Unsurprisingly, the Kellog Company has similar notions in mind, when it comes to expanding its stalwart brands in the cereal bar segment. Its Special K brand is adding Pastry Crisps. The two varieties—Chocolaty Delight and Brown Sugar Cinnamon—promise 100 calories per serving. At the same time, the company has opted to re-launch Special K protein cereal, “in response to consumers looking for protein for energy and to feel full longer.” In addition, Kellogg plans to add FiberPlus Nutty Delight bars in Peanut & Dark Chocolate and Honey Roasted Almond versions.

Fiber has been at the heart of bars promising to help manage weight, with “high satiety” an increasingly frequent claim on packages. Fullbar, while it does boast 5g of fiber and 5g of protein, is described as a pre-meal bar that will help the consumer feel full and consume less at mealtimes. However, that satiety promise is not exclusively due to the presence of fiber.

Fullbar’s package notes it is “Clinically proven to help lose weight,” and it bears a “Now with All-natural Hunger Block” label. That all-natural hunger blocker is a potato protein extract that promises to minimize feelings of hunger between meals. The active component is Proteinase Inhibitor II, a natural protein found just under the skin of the potato that promises to promote satiety by enhancing “the body’s natural release of cholecystokinin.”

Fullbar is among the many examples of the move toward protein content in helping consumers manage their weight and, in general, improve their overall health. Special K has added a Protein Meal Bar, promising 10g of protein and 5g of fiber, in such varieties as chocolate peanut, chocolatey chip and chocolate delight.

Back to Nature

Under its Nature Valley label, General Mills has added a Protein variety, with each bar providing 10g of protein per bar. Varieties include a peanut butter and dark chocolate option, as well as one that adds almond to that pairing. That Nature Valley brand has drawn criticism and even a lawsuit, however. The Center for Science in the Public Interest (CSPI) filed the suit, accusing the snack maker of “going to great length[s] to market its granola bars and ‘thins’ as ‘natural,’ even though they contain industrially produced artificial ingredients.” The complaint notes high-maltose corn syrup and/or maltodextrin are in dozens of the Nature Valley-branded products. The CSPI notes neither high-maltose corn syrup nor maltodextrin appear in nature and “not even under the most elastic possible definition could they be considered ‘natural.’”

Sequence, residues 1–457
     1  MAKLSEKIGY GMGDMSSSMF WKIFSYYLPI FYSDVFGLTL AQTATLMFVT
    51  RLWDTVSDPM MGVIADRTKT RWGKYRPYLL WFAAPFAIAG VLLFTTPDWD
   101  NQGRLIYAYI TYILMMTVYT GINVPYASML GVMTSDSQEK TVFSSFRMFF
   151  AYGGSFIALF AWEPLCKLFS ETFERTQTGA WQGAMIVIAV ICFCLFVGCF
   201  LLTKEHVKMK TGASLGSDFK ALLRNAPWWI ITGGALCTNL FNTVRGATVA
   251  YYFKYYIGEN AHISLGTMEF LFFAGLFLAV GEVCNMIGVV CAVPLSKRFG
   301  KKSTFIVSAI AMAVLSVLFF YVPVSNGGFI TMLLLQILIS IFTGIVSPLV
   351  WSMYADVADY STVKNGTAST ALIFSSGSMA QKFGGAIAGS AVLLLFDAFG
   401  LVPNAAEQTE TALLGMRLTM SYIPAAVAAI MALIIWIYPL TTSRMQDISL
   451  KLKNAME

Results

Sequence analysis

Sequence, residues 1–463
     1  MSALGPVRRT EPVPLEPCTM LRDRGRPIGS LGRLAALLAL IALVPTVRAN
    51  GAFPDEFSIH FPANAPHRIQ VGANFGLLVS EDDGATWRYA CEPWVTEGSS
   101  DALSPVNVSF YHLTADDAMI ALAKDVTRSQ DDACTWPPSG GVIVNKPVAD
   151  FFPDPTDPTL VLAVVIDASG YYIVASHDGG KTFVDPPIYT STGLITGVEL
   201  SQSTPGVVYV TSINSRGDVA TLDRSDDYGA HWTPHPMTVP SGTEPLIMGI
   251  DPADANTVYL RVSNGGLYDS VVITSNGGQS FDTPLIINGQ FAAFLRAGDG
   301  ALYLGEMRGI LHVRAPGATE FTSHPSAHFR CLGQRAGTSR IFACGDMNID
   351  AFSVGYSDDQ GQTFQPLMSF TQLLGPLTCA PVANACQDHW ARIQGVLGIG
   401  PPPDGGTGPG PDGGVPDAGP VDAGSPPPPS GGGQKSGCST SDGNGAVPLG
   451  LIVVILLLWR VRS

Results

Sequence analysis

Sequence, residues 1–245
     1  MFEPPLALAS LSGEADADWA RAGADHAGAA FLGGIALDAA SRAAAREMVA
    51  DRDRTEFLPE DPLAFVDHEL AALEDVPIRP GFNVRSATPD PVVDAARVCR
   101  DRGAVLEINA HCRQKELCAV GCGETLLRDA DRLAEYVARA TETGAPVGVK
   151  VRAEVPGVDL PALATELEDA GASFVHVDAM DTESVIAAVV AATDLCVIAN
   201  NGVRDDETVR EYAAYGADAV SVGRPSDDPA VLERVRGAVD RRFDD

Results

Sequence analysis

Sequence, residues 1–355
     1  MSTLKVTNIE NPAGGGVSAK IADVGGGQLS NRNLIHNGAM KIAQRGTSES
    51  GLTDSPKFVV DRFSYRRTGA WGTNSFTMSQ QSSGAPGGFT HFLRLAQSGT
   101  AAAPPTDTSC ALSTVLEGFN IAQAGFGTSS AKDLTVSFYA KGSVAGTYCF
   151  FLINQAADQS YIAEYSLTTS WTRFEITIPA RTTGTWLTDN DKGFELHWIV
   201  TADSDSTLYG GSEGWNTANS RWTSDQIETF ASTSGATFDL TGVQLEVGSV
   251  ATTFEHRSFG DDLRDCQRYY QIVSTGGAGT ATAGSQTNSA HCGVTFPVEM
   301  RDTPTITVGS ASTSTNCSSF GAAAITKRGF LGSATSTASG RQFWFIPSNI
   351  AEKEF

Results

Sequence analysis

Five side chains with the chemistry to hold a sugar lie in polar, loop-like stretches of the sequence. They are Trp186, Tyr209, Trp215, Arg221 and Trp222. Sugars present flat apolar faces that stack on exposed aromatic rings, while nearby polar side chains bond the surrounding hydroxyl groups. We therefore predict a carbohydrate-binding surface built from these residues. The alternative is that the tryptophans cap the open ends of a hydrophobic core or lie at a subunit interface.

Fiber-enriched satiety, however, is far from the only route to weight control. For that matter, portion control has long been a concern, even for consumers of products that promise to help with managing weight. ThinkThin is one example of a product that has shrunk the bar size, but at the same time capitalized on that fact by noting each bar now has only 100 calories. Its gluten-free bars also boast 6g of protein and 0g of sugar, and are certified-kosher.

While new and innovative sweetening agents have been the means to weight management across a range of other categories, these have been somewhat less prominent in cereal bars. A couple of notable exceptions, however, have incorporated versions of stevia. Access Business Group’s Nutrilite Protein Bars are sweetened with rebiana and promise 21g of protein and 1g of sugar. The Nutrilite line includes such varieties as Chocolate Delight, Cinnamon Bun, Lemon Twist, Blueberry Crunch, Cherry Almond, Cranberry Crunch and Caramel Crème, to name only a few.

Balance Bar Company’s Nimble bar is similarly sweetened with a stevia variety; the bar targets women consumers and promises 120 calories. Balance Bar Co. notes it has maintained a 40-30-30 principle for its range of products, including its recent 100-calorie, mini-energy bars: 40% of calories come from healthy carbohydrates; 30% from quality protein; and 30% from dietary fat. The mini-energy bars, found in cookie dough and double-chocolate brownie varieties, contain 7g of protein and 23 vitamins and minerals, plus serve as an “excellent source” of vitamins A, C and E.

Fiber has clearly become less of a distinguishing factor among cereal bars. For that matter, cereal bar brands have distinguished themselves further by noting their antioxidant content and boasting of inclusions with a healthy aura. Under its Nutri-Grain label, for example, Kellogg has added Superfruit Fusion varieties, with such flavors as strawberry açai promising antioxidant vitamins C and E.  In fact, fiber enrichment would appear to be a cost of entry into the segment and an expectation of consumers. Those consumers are now seeking additional boosts from their cereal bars, be it in the form of added protein, omega-3s, or assorted vitamins and minerals. pf